Ground glass joint
Ground glass joints are used in laboratories to quickly and easily fit leak-tight apparatus together from commonly available parts. For example, a round bottom flask, Liebig condenser, and oil bubbler
An gas bubbler is a piece of laboratory glassware which consists of a glass bulb filled with a small amount of fluid — usually mineral or silicone oil, less commonly mercury. The inlet to the bulb is connected to a ground glass joint, while the outlet is vented to the air.Gas bubblers are...
with ground glass joints may be rapidly fitted together to reflux
Reflux is a technique involving the condensation of vapors and the return of this condensate to the system from which it originated. It is used in industrial and laboratory distillations...
a reaction mixture. This is a large improvement compared with older methods of custom-made glassware, which was time-consuming and expensive, or the use of less chemically- and heat-resistant cork
Cork is an impermeable, buoyant material, a prime-subset of bark tissue that is harvested for commercial use primarily from Quercus suber , which is endemic to southwest Europe and northwest Africa...
s or rubber bungs and glass tubes as joints which took time to prepare as well.
To connect the hollow inner spaces of the glassware components, ground glass joints are hollow on the inside and open at the ends, except for stoppers.
HistoryCrude versions of conically-tapered ground glass joints have been made for quite a while, particularly for stoppers for glass bottle
A bottle is a rigid container with a neck that is narrower than the body and a "mouth". By contrast, a jar has a relatively large mouth or opening. Bottles are often made of glass, clay, plastic, aluminum or other impervious materials, and typically used to store liquids such as water, milk, soft...
s and retort
In a chemistry laboratory, a retort is a glassware device used for distillation or dry distillation of substances. It consists of a spherical vessel with a long downward-pointing neck. The liquid to be distilled is placed in the vessel and heated...
s. These days, ground glass joints can be precisely ground to a reproducible taper or shape. They are made to join two glassware pieces together. One of the glassware items to be joined would have an inner (or male) joint with the ground glass surface facing outward and the other would have an outer (or female) joint of a correspondingly-fitting taper with the ground glass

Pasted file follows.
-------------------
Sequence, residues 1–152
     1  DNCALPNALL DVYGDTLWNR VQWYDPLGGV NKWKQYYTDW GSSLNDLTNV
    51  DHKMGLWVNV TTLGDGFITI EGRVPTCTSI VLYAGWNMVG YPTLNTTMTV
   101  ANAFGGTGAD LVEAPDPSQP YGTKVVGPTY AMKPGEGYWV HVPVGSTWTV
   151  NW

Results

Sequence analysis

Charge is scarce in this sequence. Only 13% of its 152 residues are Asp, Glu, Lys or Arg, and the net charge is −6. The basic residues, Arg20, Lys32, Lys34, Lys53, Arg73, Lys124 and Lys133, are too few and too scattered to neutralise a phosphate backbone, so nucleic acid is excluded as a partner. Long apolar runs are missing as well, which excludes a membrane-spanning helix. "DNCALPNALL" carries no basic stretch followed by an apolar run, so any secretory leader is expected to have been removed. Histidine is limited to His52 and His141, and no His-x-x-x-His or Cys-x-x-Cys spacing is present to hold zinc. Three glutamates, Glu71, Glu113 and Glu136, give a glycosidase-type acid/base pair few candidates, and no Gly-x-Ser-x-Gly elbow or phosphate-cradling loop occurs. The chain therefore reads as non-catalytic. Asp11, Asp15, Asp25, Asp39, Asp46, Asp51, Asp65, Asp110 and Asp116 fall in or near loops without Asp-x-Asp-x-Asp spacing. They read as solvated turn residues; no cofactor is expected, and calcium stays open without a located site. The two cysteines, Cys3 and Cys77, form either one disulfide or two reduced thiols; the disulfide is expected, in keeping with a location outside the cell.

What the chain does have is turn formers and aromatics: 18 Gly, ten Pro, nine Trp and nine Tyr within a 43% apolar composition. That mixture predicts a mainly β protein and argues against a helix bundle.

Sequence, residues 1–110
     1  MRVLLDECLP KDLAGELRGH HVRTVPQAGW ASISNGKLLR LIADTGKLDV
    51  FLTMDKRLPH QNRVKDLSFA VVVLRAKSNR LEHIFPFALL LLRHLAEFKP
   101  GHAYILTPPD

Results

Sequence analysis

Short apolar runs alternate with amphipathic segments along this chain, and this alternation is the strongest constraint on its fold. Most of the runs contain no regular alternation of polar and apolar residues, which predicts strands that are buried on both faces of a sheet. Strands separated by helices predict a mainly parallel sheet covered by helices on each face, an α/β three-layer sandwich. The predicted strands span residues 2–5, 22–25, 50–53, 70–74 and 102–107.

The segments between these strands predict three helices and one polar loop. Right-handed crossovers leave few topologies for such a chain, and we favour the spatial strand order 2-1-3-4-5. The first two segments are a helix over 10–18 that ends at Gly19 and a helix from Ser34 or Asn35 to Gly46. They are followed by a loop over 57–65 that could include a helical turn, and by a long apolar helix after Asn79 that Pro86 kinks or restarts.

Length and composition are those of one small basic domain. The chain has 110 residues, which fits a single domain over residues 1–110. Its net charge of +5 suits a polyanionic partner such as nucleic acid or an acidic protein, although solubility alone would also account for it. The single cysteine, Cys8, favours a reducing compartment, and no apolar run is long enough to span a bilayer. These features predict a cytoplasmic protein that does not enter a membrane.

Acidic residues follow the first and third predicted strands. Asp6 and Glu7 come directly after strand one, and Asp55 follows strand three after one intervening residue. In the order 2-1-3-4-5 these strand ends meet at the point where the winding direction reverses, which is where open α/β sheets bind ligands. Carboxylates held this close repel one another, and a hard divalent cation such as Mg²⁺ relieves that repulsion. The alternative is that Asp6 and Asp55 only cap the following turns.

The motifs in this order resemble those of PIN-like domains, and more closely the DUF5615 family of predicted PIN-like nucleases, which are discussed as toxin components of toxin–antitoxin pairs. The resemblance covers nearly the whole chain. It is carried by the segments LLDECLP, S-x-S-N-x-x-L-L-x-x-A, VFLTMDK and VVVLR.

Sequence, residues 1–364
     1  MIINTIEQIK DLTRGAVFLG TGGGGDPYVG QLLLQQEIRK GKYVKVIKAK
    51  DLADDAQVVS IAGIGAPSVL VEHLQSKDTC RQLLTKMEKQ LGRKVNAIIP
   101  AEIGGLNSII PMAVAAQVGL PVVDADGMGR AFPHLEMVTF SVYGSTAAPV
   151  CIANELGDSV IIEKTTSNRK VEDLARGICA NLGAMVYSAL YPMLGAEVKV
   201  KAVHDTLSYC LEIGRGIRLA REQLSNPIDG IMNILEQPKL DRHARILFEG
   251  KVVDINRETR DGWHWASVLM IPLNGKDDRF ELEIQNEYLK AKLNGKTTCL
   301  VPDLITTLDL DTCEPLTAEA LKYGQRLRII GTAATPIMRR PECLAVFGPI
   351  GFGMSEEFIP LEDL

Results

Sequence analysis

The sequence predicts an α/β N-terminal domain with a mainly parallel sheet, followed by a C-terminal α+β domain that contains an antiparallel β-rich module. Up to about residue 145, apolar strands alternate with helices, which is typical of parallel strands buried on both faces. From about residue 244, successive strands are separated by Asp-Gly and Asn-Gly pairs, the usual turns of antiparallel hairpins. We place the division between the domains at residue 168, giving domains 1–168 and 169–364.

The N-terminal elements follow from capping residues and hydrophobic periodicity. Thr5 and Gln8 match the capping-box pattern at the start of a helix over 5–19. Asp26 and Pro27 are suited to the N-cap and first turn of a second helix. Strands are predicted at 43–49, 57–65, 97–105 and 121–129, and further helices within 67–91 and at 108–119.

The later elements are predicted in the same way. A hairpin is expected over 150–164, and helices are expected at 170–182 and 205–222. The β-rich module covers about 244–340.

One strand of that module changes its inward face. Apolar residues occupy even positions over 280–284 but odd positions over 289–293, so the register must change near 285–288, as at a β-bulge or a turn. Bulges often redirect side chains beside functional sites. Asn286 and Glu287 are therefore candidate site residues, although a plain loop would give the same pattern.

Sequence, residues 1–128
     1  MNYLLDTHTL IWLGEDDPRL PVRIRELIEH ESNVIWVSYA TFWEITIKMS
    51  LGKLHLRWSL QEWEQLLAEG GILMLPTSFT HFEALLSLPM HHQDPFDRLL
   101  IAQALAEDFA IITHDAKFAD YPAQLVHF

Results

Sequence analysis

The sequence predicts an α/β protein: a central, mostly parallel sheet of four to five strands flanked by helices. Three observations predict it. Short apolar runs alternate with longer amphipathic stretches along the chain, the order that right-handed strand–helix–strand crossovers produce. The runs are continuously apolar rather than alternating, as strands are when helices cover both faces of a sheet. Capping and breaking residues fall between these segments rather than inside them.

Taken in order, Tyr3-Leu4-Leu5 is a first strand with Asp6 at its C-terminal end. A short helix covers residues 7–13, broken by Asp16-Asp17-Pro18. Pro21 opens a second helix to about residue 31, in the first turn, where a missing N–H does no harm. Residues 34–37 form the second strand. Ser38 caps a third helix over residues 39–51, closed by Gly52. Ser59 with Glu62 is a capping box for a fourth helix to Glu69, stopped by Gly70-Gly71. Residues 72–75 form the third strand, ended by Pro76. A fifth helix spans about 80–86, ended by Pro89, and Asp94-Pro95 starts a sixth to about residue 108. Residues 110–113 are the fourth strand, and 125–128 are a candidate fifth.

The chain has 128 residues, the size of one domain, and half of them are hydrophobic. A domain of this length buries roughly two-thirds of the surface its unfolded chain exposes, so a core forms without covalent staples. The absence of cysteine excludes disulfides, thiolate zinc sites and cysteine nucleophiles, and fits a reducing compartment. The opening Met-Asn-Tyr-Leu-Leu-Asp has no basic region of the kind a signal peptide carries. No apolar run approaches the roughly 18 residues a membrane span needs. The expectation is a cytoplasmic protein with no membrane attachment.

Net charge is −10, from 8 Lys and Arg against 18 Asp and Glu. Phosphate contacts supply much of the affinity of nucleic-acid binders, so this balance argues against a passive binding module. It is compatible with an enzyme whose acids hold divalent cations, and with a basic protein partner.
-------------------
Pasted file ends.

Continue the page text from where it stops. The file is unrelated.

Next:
Ground glass is glass whose surface has been ground to produce a flat but rough finish.Ground glass surfaces have many applications, ranging from mere ornamentation on windows and table glassware to scientific uses in optics and laboratory glassware....
surface facing inward.
Joint typesTwo general types of ground glass joints are fairly commonly used: joints which are slightly conically-tapered and ball and socket joints (sometimes called spherical joints).
Conically tapered joints
The conically tapered ground glass joints typically have a 1:10 taper and are often labeled with a symbol consisting of a capital T overlaid on a capital S, meaning "Standard Taper". This symbol is followed by a number, a slash, and another number. The first number represents the outer diameter (OD) in millimeters (mm) at the base (widest part) of the inner joint. if possible - mark on picture The second number represents the ground glass length of the joint in millimeters. The most common US joints are 14/20 and 24/40. These sizes apply only to glassware in the US
The United States of America is a federal constitutional republic comprising fifty states and a federal district...
. There are also Europe
Europe is, by convention, one of the world's seven continents. Comprising the westernmost peninsula of Eurasia, Europe is generally 'divided' from Asia to its east by the watershed divides of the Ural and Caucasus Mountains, the Ural River, the Caspian and Black Seas, and the waterways connecting...
an ISO standard joints with common joint sizes of 10/19, 14/23, 19/26, 24/29 and 29/32. The US and ISO joints differ only in the length not in the slope, and some can be used in combination. The stopper joints of chemical bottles, volumetric flask
A volumetric flask is a piece of laboratory glassware, a type of laboratory flask, used in analytical chemistry for the preparation of solutions. It is made of glass or plastic and consists of a flat bottomed bulb with a long neck, usually fitted with a stopper. The stopper is normally made in a...
s, and separatory funnel
A separatory funnel, also known as separation funnel, separating funnel, or colloquially sep funnel, is a piece of laboratory glassware used in liquid-liquid extractions to separate the components of a mixture between two immiscible solvent phases of different densities Typically, one of the...
s often do not use the precision standard taper joints. Stopper joints are designated (if at all) only by the maximum diameter number.
Ball-and-socket jointsFor ball-and-socket joints (also known as spherical joints), the inner joint is a ball and the outer joint is a socket, both having holes leading to the interior of their respective tube ends, to which they are fused. The ball tip is a hemisphere with a ground-glass surface on the outside, which fits inside of the socket, where the ground glass surface is on the inside. Ball-and-socket joints are labeled with a size code consisting of a number, a slash, and another number. The first number represents the outer diameter in mm of the ball at its base or the inner diameter in millimeters at the tip of the socket, in both cases where the diameters are their maximum in the joints.